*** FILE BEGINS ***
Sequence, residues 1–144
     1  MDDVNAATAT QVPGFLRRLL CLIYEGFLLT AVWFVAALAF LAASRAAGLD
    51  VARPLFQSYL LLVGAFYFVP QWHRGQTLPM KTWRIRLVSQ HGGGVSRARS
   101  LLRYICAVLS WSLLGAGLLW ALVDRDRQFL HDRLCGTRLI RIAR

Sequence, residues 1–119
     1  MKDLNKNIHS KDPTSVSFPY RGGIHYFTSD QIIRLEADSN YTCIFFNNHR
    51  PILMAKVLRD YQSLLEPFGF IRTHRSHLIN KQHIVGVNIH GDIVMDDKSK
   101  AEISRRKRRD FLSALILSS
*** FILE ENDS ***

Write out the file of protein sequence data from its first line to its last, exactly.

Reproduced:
Sequence, residues 1–144
     1  MDDVNAATAT QVPGFLRRLL CLIYEGFLLT AVWFVAALAF LAASRAAGLD
    51  VARPLFQSYL LLVGAFYFVP QWHRGQTLPM KTWRIRLVSQ HGGGVSRARS
   101  LLRYICAVLS WSLLGAGLLW ALVDRDRQFL HDRLCGTRLI RIAR

Sequence, residues 1–119
     1  MKDLNKNIHS KDPTSVSFPY RGGIHYFTSD QIIRLEADSN YTCIFFNNHR
    51  PILMAKVLRD YQSLLEPFGF IRTHRSHLIN KQHIVGVNIH GDIVMDDKSK
   101  AEISRRKRRD FLSALILSS